We all have the list right? The travel list or some may call it The Bucket list.
Whether it be a family or friend’s recommendation or an inspiring photo shoot in a magazine, something has your juices flowing about a destination and you dream and scheme about getting there.
Bermuda was on such a list.
Located about 700 miles off the coast of Cape Hatteras, N.C. is the gem of an Island called Bermuda. Turns out, I have this thing with Islands (Nantucket, Manhattan, San Juan’s and others)but that’s another post…
An easy peasy 90 minute direct flight from NYC, and hopefully quick trip through Customs (Bermuda is a British Colony, so don’t forget your passport)and you have arrived.
Bermuda was formed by volcanic eruption.
Those quintessential pink sands that we associate with the beaches occur by coral being crushed finely and washed ashore.
While, speaking of color, the fantastic blue of the water is some of the most striking you will ever see.
OK, so geography lesson now covered, let’s get to “vacationing.”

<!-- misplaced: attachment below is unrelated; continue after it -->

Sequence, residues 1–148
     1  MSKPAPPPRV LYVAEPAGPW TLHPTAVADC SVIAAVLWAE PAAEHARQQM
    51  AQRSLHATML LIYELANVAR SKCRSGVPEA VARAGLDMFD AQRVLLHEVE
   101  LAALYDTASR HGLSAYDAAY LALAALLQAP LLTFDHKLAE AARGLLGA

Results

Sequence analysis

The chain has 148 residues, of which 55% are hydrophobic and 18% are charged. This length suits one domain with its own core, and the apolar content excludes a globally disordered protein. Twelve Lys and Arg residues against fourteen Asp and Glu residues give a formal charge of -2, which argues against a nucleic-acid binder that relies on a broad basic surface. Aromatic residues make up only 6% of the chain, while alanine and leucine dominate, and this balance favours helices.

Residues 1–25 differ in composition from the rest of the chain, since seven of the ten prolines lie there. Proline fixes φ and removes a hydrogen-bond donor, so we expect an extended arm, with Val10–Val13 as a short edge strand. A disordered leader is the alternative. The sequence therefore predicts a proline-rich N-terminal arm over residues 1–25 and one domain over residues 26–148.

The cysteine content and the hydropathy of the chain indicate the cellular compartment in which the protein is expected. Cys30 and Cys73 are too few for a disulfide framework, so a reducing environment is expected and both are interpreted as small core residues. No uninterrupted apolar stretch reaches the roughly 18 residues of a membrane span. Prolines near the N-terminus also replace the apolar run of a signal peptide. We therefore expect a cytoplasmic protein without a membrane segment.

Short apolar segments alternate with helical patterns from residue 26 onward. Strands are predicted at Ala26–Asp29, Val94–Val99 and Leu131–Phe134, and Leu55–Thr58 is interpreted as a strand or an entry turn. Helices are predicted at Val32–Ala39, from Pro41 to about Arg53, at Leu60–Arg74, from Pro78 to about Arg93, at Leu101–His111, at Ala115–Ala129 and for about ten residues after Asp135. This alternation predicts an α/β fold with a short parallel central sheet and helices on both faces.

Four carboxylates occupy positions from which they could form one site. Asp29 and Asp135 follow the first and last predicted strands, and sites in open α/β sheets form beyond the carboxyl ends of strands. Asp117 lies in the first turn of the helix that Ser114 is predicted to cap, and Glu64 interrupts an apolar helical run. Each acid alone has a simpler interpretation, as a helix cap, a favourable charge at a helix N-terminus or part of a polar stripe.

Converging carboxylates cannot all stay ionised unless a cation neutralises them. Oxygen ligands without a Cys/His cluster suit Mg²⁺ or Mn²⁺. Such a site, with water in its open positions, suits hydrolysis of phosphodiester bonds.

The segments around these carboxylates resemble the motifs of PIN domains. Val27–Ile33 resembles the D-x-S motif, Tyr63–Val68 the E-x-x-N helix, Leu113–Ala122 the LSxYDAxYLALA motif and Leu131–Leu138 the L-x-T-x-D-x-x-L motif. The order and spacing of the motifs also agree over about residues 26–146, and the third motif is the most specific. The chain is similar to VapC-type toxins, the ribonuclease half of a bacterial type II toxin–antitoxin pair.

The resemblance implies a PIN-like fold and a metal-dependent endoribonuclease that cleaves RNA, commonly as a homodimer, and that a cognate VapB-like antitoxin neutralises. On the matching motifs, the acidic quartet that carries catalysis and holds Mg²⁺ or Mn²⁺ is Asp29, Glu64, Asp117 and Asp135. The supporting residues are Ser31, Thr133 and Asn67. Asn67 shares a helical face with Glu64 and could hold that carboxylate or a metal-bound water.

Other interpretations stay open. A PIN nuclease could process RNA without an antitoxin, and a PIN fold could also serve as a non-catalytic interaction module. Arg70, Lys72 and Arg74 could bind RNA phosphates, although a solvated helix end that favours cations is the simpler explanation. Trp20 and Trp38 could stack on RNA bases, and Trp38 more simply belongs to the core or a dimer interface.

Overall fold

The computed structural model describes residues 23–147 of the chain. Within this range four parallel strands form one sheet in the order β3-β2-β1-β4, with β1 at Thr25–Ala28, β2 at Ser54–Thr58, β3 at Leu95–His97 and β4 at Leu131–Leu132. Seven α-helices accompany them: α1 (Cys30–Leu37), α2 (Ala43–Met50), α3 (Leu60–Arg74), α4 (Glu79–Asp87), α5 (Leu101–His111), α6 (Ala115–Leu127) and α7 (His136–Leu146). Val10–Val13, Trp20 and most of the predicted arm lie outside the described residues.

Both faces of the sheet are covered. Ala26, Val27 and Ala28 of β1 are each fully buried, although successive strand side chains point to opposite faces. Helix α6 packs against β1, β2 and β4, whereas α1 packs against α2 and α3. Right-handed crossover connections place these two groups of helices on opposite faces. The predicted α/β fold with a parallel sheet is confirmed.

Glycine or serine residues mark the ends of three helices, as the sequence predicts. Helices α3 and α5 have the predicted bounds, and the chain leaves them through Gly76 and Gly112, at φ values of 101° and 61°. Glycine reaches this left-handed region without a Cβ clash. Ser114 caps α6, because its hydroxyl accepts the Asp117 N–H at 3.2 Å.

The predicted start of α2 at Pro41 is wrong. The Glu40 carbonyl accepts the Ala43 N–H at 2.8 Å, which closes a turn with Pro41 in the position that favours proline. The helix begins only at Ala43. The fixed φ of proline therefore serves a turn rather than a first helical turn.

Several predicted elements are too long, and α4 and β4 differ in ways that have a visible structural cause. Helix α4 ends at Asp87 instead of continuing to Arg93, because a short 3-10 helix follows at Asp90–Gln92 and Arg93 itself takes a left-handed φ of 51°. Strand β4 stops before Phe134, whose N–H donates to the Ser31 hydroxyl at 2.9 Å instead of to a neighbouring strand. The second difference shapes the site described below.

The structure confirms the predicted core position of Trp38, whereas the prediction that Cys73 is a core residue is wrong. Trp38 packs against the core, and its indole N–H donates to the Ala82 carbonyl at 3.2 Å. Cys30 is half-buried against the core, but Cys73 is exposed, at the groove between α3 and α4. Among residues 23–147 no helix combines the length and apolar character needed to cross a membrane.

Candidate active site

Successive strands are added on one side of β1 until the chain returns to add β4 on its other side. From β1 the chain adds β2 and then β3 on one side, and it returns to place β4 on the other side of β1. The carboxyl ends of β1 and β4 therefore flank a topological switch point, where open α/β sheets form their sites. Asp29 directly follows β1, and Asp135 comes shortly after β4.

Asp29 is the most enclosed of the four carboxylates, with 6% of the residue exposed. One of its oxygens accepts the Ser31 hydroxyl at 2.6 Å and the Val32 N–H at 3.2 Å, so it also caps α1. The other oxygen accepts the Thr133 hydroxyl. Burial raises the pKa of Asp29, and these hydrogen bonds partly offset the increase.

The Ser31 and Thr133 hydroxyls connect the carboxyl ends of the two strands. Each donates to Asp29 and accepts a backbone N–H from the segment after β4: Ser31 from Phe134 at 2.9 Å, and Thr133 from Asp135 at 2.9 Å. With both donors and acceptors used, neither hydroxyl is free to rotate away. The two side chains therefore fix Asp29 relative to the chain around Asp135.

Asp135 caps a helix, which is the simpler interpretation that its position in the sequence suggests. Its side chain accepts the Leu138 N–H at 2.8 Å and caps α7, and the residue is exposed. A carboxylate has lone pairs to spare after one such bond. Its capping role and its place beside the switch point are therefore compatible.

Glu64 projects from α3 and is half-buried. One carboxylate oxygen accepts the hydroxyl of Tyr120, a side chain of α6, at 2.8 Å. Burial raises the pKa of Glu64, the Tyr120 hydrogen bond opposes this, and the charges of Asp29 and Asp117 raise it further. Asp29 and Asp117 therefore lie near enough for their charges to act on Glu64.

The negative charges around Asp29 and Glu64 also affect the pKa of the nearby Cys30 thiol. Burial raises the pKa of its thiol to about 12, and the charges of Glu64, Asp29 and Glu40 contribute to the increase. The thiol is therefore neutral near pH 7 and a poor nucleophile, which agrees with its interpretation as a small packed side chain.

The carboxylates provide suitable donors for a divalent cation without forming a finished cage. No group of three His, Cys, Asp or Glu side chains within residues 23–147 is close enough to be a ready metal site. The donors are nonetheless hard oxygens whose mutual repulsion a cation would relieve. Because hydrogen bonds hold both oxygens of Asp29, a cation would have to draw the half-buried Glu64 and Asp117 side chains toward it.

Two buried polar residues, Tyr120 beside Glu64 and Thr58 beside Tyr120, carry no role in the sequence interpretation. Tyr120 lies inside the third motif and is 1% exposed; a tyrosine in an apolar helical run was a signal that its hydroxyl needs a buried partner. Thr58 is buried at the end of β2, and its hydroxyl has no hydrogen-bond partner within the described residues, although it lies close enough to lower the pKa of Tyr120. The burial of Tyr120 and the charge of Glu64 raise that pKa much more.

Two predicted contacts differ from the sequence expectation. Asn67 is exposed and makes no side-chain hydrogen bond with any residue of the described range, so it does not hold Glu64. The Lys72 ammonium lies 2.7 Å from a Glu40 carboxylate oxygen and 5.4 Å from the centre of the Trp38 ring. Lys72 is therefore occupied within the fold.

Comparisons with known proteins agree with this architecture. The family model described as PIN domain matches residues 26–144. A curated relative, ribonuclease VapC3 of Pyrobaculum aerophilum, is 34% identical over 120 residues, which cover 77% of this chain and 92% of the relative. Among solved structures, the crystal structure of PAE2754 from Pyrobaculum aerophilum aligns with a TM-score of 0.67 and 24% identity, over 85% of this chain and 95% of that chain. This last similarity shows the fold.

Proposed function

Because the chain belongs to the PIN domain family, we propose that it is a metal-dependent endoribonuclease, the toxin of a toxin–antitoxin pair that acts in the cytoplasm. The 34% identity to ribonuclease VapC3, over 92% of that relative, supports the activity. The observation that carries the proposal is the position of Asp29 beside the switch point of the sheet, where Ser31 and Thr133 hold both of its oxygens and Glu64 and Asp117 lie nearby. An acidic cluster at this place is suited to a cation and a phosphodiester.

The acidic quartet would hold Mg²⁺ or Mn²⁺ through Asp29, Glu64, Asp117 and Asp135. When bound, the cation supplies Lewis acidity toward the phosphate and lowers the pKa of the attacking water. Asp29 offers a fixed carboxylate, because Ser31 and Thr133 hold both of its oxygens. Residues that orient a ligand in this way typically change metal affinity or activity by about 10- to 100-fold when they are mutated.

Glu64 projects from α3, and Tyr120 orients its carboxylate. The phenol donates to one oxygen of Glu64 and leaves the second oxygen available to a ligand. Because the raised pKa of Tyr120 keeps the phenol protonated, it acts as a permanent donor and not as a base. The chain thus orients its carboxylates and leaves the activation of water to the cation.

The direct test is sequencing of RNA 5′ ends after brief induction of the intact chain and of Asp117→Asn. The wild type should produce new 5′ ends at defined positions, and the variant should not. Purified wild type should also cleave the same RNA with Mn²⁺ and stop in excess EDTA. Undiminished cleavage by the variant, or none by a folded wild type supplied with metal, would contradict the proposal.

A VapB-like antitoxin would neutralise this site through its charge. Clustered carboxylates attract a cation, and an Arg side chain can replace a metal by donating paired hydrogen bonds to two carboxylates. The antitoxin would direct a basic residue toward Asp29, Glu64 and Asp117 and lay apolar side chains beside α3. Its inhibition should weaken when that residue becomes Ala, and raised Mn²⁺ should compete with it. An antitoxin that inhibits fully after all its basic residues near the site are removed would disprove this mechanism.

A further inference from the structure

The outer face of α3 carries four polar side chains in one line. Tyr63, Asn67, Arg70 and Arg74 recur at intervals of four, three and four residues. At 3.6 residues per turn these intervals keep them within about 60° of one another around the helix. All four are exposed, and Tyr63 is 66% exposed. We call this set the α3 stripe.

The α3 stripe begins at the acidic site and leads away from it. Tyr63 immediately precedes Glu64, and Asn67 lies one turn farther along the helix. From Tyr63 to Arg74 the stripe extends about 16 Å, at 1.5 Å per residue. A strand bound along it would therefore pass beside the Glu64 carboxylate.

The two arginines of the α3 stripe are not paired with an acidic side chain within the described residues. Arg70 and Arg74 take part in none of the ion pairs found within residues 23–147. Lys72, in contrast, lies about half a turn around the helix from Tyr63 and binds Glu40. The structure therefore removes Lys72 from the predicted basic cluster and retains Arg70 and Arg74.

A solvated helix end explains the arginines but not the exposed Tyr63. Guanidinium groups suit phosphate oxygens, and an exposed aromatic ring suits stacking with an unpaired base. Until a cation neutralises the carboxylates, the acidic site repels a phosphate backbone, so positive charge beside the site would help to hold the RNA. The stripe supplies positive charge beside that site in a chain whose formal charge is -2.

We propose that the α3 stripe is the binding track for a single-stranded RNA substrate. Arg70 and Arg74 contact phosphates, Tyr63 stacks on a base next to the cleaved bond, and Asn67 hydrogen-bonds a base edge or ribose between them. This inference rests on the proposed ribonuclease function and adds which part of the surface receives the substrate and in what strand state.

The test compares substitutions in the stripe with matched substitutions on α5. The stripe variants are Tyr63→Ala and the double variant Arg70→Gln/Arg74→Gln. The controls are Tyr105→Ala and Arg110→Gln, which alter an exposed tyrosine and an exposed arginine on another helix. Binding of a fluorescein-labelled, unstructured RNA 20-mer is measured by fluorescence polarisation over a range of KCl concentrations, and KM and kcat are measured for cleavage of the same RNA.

From the airport we hopped into a taxi (plan on taxis being a significant expense of your trip as car rentals are not permitted, unless you are a brave soul and moped, we weren’t feeling so brave. p.s. the taxis only take cash, luckily U.S. currency is accepted) to get whizzed down the left side of the road by a friendly and knowledgeable taxi driver.
Bermuda is composed of 9 Parishes. The island is narrow, but long and you will want to be traveling to many of the different locations on the island. As the airport is located in St. George’s Parish and we stayed in Southhampton, we had a fairly long, but informatively delightful taxi ride choc full of eye candy.
I immediately noticed a series of light horn taps by our driver as we made our way, and learned this is the way that Bermudians say hello to each other. Our cab driver said that 85% of people who are native to the Island stay. The more time we spent, I soon discovered why.
We observed the pristine white roofs and learned they are used to collect rain water, which is the primary source of usable fresh water on the island.
I mean aren’t these brightly colored buildings everything?
And must mention the iconic Bermuda shorts–worn by business men with knee socks. I found it adorable. Bermuda is the perfect mix of formal and casual in one.
Moongates are spotted everywhere on Island and according to locals, it’s considered good luck for Newlyweds to walk through–
Considering we were also celebrating our 15th Wedding Anniversary, I thought it certainly couldn’t hurt;)
Next post will include details about where we stayed, played and fed.
Stop back for more.